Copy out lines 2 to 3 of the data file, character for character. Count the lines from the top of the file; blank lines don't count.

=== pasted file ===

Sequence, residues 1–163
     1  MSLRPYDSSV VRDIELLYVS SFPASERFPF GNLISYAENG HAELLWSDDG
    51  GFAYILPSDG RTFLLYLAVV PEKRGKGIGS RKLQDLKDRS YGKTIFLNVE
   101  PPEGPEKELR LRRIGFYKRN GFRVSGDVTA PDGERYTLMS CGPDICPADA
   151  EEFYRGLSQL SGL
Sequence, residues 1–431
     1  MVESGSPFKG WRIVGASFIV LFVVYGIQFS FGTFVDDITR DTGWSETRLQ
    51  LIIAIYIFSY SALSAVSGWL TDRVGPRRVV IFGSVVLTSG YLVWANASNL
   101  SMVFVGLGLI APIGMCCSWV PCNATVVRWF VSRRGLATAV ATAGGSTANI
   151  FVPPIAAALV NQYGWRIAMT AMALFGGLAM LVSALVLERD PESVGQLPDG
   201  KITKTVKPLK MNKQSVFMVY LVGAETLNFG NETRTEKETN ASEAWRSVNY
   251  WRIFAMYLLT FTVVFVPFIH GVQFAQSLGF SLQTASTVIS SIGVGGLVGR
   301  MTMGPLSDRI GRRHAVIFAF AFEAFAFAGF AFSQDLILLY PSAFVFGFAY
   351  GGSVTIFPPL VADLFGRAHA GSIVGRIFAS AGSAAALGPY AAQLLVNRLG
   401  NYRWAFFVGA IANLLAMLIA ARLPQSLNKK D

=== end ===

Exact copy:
     1  MSLRPYDSSV VRDIELLYVS SFPASERFPF GNLISYAENG HAELLWSDDG
    51  GFAYILPSDG RTFLLYLAVV PEKRGKGIGS RKLQDLKDRS YGKTIFLNVE